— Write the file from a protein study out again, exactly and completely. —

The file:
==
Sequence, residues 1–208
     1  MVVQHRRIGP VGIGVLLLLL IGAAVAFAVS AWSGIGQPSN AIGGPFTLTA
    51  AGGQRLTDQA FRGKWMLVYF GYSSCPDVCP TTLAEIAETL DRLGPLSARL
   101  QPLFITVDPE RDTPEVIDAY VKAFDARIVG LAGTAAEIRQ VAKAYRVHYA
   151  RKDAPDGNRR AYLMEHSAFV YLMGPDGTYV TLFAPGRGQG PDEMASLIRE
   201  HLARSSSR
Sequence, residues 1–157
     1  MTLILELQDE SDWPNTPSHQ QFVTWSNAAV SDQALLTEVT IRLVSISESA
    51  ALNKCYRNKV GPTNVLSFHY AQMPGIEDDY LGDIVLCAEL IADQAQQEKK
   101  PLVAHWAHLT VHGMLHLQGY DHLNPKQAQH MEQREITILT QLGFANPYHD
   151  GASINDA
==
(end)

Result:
Sequence, residues 1–208
     1  MVVQHRRIGP VGIGVLLLLL IGAAVAFAVS AWSGIGQPSN AIGGPFTLTA
    51  AGGQRLTDQA FRGKWMLVYF GYSSCPDVCP TTLAEIAETL DRLGPLSARL
   101  QPLFITVDPE RDTPEVIDAY VKAFDARIVG LAGTAAEIRQ VAKAYRVHYA
   151  RKDAPDGNRR AYLMEHSAFV YLMGPDGTYV TLFAPGRGQG PDEMASLIRE
   201  HLARSSSR
Sequence, residues 1–157
     1  MTLILELQDE SDWPNTPSHQ QFVTWSNAAV SDQALLTEVT IRLVSISESA
    51  ALNKCYRNKV GPTNVLSFHY AQMPGIEDDY LGDIVLCAEL IADQAQQEKK
   101  PLVAHWAHLT VHGMLHLQGY DHLNPKQAQH MEQREITILT QLGFANPYHD
   151  GASINDA